NEXT!

W-WARE UY GOWIN? LEEVIN?
YES...I I HAVE...MY...SLIP!...

LEE MEEYULONE! YU GOD NO RIDE!
AWRIDE! SHADAB!



The English translations, I believe, are intended to mimic the way the masses who've been traumatized by the polluted environment and deprivations of the fascist state.





(SIGN -) CENTRE FOR IDEOLOGICAL REEDUCATION - MINISTRY OF HEALTH
...MY...MY PLACE...IN SOCIETY...
MY PLACE...



That's what we are seeing, whether from depleted uranium weapons left on the world's battlefields or from hot particles spewing from Fukushima.

Those are from ca. 1976.

Details on the artist...

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Response to Octafish (Original post)

Sun Jun 1, 2014, 04:04 PM

13. Democratic Underground - Who - Rest Assured We Are Watched

eom

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Response to cantbeserious (Reply #13)

Sun Jun 1, 2014, 04:15 PM

16. Agent Mike has been a member since the start.

 

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Response to Octafish (Original post)

Sun Jun 1, 2014, 04:10 PM

15. Looks like I got here before the swarm.

Who will tell you it is all legal and to keep us safe.
K&R...

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Response to zeemike (Reply #15)

Sun Jun 1, 2014, 06:45 PM

51. I think if it was announced that WalMart had been given a contract to inject all of us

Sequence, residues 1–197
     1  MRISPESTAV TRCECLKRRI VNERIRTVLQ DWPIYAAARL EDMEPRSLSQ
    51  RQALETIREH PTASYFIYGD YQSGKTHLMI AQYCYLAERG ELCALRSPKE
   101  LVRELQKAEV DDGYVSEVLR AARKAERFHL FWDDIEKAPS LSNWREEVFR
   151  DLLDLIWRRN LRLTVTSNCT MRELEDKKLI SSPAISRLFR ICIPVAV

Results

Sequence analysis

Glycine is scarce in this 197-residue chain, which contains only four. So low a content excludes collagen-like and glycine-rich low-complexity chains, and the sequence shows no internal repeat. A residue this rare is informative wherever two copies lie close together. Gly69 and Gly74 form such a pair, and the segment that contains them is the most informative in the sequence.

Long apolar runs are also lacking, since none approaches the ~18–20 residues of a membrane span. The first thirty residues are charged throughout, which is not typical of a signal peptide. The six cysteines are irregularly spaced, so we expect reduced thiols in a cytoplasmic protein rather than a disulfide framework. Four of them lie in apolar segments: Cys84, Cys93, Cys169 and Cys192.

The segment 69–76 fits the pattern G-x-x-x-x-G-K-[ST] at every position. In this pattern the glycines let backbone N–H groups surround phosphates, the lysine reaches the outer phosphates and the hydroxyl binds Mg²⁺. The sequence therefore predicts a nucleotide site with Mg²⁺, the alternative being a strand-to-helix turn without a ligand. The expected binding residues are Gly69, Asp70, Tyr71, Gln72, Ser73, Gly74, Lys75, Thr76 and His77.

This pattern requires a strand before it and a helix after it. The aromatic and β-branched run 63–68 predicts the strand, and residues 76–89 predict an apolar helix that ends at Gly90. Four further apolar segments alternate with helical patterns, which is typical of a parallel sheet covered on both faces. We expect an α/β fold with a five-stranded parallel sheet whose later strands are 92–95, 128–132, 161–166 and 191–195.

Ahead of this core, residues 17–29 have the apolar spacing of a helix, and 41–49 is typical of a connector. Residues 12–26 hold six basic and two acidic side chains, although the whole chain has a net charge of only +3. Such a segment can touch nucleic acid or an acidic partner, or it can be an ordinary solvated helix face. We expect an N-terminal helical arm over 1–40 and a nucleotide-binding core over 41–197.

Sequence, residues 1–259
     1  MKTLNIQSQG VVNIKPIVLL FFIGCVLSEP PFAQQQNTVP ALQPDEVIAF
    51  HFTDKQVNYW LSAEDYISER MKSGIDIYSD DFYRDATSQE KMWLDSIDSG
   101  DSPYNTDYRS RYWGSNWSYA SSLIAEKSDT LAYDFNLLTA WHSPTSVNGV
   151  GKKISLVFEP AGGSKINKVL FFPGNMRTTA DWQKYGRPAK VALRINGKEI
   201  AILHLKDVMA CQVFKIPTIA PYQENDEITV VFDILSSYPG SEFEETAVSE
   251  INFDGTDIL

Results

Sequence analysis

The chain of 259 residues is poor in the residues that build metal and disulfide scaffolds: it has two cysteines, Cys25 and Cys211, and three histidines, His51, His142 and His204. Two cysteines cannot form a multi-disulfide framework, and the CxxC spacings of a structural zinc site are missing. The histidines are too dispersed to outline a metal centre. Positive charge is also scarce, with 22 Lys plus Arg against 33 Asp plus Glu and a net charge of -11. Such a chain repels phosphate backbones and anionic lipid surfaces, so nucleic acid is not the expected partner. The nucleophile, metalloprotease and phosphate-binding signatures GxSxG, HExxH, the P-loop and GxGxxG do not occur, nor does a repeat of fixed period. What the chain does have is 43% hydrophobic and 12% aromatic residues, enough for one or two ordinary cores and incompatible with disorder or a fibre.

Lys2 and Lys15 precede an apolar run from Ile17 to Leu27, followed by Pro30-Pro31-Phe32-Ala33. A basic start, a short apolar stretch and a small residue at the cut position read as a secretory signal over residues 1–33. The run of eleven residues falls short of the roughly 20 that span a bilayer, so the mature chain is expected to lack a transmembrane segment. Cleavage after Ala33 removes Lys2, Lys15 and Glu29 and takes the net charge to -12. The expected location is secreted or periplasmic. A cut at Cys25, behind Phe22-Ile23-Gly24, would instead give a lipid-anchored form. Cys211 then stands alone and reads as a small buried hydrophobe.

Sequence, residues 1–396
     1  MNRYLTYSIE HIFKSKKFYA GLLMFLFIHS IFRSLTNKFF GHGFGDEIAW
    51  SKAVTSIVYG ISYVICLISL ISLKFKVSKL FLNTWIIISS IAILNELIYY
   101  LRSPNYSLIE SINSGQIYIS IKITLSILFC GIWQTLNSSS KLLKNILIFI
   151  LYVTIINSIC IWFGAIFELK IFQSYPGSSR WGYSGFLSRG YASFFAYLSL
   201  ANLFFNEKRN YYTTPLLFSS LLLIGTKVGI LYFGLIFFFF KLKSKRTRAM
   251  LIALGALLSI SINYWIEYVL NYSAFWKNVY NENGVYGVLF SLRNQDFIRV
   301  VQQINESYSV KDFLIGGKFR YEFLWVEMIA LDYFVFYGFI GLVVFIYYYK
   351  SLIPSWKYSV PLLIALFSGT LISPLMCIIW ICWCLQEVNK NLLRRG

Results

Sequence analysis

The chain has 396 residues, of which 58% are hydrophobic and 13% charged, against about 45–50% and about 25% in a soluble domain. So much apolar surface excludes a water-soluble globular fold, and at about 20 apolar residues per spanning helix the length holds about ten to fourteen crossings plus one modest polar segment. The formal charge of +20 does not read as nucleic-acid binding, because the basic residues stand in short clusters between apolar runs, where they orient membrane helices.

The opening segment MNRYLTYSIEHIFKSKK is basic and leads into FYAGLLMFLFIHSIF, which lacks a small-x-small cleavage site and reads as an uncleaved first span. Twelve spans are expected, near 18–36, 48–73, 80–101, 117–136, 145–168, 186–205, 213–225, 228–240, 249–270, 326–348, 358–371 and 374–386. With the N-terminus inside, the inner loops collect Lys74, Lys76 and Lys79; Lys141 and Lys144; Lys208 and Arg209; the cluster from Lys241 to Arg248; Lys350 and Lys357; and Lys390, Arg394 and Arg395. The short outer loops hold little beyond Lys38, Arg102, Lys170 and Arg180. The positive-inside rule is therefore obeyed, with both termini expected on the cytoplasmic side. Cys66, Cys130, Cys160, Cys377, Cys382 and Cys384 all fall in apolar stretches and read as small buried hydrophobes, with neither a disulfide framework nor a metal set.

with RFIDs - a certain contingent would say hey, what's the harm in that.

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Response to Octafish (Original post)

Sun Jun 1, 2014, 04:47 PM

28. Makes sense

And the argument is a great rebuttal to the people who don't care because they say they don't do anything illegal.

Hadn't heard this POV before. Thank you for posting it.

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Response to Octafish (Original post)

Sun Jun 1, 2014, 04:53 PM

30. Right on the mark...

 

that's where the metadata comes in....each individual marker may not in itself be important or accusatory, but taken all together, categorized, and compartmentalized, the metadata becomes a force to pigeon-hole and, if needed, accuse and denigrate the individual or the group. And as we know, since 2001, everybody and anybody could be a "terrorist".
Fear will drive this country to hell.

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Response to elias49 (Reply #30)


Response to Octafish (Original post)

Sun Jun 1, 2014, 05:16 PM

37. Truth-Out

is labeling the Obama administration as Bush's Third and Fourth Term.

Third Term

Fourth Term

But I find that Obama has gone beyond Bush in some aspects. Such as punishing whistleblowers more harshly than Bush, and being more secretive since Nixon.

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Response to Unknown Beatle (Reply #37)

Mon Jun 2, 2014, 12:08 AM

59. Also, Bush did not claim the authority to execute American citizens without due process.

 

That one's all on Obama.

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Response to Maedhros (Reply #59)

Mon Jun 2, 2014, 04:40 AM

63. Hey, nobody ever promised you'd like the "Change," now, did they?!?!

 

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Response to Octafish (Original post)

Sun Jun 1, 2014, 05:29 PM

41. I always knew recommending Octafish threads would get me on a list.

Seriously though, great post.

Everyone together now, "Hey, NSA, fuck you!"